Global experience indicates that investment for a regulated utility like airport sector will continue to be forthcoming if investors receive a return on their investment commensurate with the perceived risks. The framework of ‘hybrid till’ regime will provide a stable and objective environment enabling the investors to anticipate the context for future decisions and to make long term investment decisions with confidence. This will facilitate increased private investment in airports and enable the airport sector to play its important role in facilitating growth in air travel.
During the last few years, India has successfully built five airports and airport infrastructure through PPP model. Is this the way forward?
India’s decision to invite private capital to participate in the modernisation of its metro airports has been a very successful exercise. Dramatic improvement in airport infrastructure has transformed the passenger experience, improved the efficiency of airline operations and delivered a massive dividend to Airports Authority of India (AAI). The five PPP major airports in India have shown the world that PPP is the most successful and the best model to be followed for development of airport infrastructure in the country. The five PPP major airports have not only created world class infrastructure in the country but they also have been adjudged as the best airports in the world in their respective categories in quality and performance.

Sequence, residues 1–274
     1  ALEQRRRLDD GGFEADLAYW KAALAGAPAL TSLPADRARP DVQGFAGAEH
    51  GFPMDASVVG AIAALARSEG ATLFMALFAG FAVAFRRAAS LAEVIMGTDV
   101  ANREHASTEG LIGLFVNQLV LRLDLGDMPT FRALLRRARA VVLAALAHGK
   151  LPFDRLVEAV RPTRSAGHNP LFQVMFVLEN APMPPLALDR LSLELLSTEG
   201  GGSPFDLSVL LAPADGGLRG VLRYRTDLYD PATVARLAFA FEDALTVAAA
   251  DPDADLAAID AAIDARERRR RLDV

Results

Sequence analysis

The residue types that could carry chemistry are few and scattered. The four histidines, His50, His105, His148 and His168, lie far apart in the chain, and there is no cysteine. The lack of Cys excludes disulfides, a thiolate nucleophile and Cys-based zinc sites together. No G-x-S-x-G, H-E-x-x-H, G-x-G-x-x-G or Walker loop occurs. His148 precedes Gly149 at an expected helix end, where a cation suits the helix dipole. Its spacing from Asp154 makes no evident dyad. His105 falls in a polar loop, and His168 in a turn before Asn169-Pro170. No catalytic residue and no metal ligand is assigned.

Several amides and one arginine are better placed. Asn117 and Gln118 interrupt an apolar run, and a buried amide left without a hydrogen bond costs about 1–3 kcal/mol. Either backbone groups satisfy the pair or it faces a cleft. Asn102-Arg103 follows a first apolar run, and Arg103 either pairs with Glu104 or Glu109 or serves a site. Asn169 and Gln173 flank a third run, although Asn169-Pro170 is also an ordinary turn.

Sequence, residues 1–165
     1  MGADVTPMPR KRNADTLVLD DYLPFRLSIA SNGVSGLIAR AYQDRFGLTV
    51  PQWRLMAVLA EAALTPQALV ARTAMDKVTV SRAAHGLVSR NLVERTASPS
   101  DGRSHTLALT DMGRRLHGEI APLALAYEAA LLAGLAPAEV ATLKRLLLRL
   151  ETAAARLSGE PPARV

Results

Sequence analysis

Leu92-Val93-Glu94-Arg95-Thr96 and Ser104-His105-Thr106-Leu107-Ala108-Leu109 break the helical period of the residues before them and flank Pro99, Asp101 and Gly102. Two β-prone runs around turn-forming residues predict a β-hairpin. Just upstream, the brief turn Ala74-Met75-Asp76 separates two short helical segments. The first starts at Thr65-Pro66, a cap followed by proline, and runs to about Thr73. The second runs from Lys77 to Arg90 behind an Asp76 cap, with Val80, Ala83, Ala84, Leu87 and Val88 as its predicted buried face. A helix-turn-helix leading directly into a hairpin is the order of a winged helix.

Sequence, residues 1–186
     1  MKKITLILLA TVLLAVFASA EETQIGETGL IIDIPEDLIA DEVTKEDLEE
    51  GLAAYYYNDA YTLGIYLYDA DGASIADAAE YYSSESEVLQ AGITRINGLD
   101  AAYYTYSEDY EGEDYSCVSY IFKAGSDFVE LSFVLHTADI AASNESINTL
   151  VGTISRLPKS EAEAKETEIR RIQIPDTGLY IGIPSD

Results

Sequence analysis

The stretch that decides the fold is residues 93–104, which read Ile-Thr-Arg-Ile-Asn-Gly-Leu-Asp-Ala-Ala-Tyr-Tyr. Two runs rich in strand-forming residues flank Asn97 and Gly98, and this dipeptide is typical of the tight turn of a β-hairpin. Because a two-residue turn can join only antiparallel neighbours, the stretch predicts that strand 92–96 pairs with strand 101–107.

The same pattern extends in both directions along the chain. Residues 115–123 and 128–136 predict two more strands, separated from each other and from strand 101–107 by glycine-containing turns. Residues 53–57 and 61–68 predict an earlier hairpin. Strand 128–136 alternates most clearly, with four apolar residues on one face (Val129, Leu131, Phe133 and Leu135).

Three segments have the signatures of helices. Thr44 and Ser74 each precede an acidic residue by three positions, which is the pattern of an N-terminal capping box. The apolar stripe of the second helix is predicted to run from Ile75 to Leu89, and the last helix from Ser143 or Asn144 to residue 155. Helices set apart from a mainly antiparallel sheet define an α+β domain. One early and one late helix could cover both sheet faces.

In fact some of the developers of our PPP airports have been invited and have set up airport infrastructure outside our country. Furthermore, these PPP airports in India are contributing huge revenue share to AAI, which helps the AAI to develop other non major airports in the country and also make AAI a viable entity. Since the financial year 2007, the PPP airports (mainly Delhi International Airport Limited and Mumbai International Airport Limited) have delivered a massive dividend of USD 2 billion to the AAI in the form of revenue share payments. Hence, AAI has been a major beneficiary of the PPP model.
No doubt, privatisation of major airports in PPP mode will enhance the efficiency of the entire sector, provide better facilities, comfort and convenience to passengers, generate more revenue to AAI, and also contribute immensely to the Gross Domestic Product (GDP) of the country. Looking into the fact that India today is one of the world’s fastest growing air travel market and is poised to reach the third position in the world within the next few years, it is extremely important that development of all future airports must be on PPP model.